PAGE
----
An open letter to The Prince of Wales regarding justice in St Lucia

Later this month, Their Royal Highnesses The Prince of Wales and The Duchess of Cornwall will visit St Lucia to mark the island’s 40th anniversary of Independence. Ahead of their visit, Margaret Pratt has written an open letter to The Prince's Private Secretary, requesting assistance encouraging officials in St Lucia to make the changes necessary to ensure that justice is done for victims of crime on the island.

Full text of the letter is as follows:

The Private Secretary
His Royal Highness The Prince of Wales, KG, KT, GCB, OM
Clarence House
London SW1A 1BA

8th March 2019

Dear Sir,

Ahead of the planned visit by Their Royal Highnesses The Prince of Wales and The Duchess of Cornwall to mark St Lucia’s 40th anniversary of Independence on 17th March, I wish to alert The Prince to a number of serious issues concerning St Lucia’s justice system and how it is failing victims of crime on the island.

My husband, Roger Pratt, was murdered in St Lucia in January 2014. Although four men were arrested and charged within a matter of weeks, the case has yet to reach court. Communication from the island’s authorities has been so poor that I have been forced to hire a local attorney to obtain updates and keep abreast of court hearings. Gaining any information at all is a real challenge and I have been let down on many occasions by false promises. 

A case management hearing has been scheduled for the 8th March which, we hope, should give some indication as to when my husband’s case will go to trial. However, the delays of over five years in what should have been a straightforward case are indicative of much bigger problems facing Her Majesty’s Government on St Lucia.

Since April 2018 the one and only criminal court in St Lucia has been closed due to an ongoing disagreement around the cost of renovation to the facility. No criminal case could be progressed during this period and and hundreds of cases, including that of my husband, have experienced a prolonged period of inaction. On the 10th February it was confirmed that the courts have been reopened after an extra $1 million XCD was invested. However, the backlog created by a delay of approximately nine months, means dates are yet to be set for many trials.

While St Lucian authorities are aware of the damaging effect such a high profile case can have on the island’s tourist trade, progress is still minimal. Just one example of this is the Director of Public Prosecutions’ personal assurance in December that the courts were to open before Christmas. It was several months before this was put into action.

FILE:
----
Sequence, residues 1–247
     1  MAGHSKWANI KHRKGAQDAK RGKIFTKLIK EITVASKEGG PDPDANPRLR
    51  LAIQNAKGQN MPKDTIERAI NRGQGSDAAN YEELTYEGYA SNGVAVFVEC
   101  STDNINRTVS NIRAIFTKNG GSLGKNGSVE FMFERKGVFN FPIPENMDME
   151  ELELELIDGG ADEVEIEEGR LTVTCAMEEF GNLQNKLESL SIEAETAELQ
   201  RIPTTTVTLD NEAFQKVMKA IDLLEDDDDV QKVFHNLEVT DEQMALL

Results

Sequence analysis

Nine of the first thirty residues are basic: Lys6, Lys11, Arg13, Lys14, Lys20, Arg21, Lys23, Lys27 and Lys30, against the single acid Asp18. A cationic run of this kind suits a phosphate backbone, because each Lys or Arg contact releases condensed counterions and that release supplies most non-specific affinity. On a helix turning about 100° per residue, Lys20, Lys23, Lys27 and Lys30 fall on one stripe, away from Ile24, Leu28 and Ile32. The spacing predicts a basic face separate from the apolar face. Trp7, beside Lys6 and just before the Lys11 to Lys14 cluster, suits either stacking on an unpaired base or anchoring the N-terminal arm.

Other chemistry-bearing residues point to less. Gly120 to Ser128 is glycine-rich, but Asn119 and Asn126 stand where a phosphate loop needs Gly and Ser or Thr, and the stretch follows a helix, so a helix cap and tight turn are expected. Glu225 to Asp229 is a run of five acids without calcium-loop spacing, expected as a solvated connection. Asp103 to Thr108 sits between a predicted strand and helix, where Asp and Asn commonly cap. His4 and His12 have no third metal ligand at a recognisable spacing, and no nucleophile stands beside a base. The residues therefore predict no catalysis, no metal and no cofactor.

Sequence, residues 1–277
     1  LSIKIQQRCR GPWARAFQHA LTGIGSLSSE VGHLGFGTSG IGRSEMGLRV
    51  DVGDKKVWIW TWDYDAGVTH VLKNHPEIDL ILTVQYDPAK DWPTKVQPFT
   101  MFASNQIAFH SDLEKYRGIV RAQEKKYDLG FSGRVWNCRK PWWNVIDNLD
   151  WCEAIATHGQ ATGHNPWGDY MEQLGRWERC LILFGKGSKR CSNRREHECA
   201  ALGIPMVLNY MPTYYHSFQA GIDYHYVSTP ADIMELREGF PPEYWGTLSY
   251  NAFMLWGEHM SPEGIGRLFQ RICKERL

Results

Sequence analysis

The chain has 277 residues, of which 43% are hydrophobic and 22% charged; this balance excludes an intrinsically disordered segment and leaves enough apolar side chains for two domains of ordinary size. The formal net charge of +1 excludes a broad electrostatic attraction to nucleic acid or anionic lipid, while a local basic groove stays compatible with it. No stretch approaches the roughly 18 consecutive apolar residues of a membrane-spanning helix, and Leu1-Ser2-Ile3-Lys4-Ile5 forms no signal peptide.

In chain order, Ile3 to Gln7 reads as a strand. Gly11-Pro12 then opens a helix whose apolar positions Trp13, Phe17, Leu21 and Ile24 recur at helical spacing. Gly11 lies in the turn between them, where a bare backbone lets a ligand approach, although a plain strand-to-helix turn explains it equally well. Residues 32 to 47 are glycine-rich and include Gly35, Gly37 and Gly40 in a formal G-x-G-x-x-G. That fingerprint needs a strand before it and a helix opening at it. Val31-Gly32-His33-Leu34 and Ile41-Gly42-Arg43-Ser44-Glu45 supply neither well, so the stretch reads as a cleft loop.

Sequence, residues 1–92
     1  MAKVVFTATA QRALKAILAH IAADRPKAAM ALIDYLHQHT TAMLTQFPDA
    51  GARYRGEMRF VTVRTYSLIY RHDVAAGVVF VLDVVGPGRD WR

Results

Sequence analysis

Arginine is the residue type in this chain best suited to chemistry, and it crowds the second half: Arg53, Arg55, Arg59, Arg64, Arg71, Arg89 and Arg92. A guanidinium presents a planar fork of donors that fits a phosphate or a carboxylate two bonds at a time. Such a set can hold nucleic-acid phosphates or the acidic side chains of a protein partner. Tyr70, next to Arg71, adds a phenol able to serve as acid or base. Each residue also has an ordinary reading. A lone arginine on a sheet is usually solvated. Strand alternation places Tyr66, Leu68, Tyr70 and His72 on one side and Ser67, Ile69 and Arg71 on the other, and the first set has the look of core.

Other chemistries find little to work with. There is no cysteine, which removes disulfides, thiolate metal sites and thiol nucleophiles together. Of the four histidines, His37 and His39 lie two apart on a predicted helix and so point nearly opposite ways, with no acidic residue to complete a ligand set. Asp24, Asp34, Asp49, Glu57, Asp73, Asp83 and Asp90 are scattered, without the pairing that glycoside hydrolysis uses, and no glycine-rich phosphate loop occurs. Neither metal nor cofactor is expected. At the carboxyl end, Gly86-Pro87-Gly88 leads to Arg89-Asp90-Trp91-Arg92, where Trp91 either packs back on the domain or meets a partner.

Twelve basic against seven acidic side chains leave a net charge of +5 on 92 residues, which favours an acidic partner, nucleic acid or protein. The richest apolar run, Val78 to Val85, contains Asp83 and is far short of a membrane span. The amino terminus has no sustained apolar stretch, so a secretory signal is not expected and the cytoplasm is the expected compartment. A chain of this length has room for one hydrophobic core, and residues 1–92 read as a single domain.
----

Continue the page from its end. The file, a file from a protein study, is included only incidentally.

The impact on the local population is even more marked and cases concerning St Lucians who have fallen victim to violence are also building up in the courts. St Lucia is in the midst of a violent crime epidemic with one of the worst homicide rates in the world. Among the more than 40 murders in St Lucia last year, which is an astonishing number given the size of its population, was that of Kimberly De Leon, a police officer’s wife. Although her killing caused a public outcry, no progress has been made in finding the person or persons responsible for her death. I fear the same is true for the vast majority of cases in St Lucia.

Clearly, the 40th anniversary of St Lucia’s independence is a significant milestone, and one that should be marked properly. St Lucia is a beautiful island and, on the whole, I have been treated with great kindness by the people I met there. However, the failings of St Lucia’s justice system and its inability to bring cases to court in a timely manner is contributing to the island’s spiral of decline. Quite aside from the human rights implications of the accused facing many years in jail while their cases reach the courts, the families of its many murder victims are unable to move on with their lives while justice remains undone.

The Prince is a wonderful advocate for just causes. What is happening on St Lucia is clearly unjust and Roger’s case is symptomatic of a host of problems that should have no place in the Commonwealth that the Prince presides over today.

I would be grateful if you could make The Prince aware of these challenges and ask that he uses both the occasion and his influence as the Head of the Commonwealth and Prince of Wales to encourage the officials he meets in St Lucia to make the changes necessary to ensure that justice is done for victims of crime on the island.

Yours faithfully

Margaret Pratt


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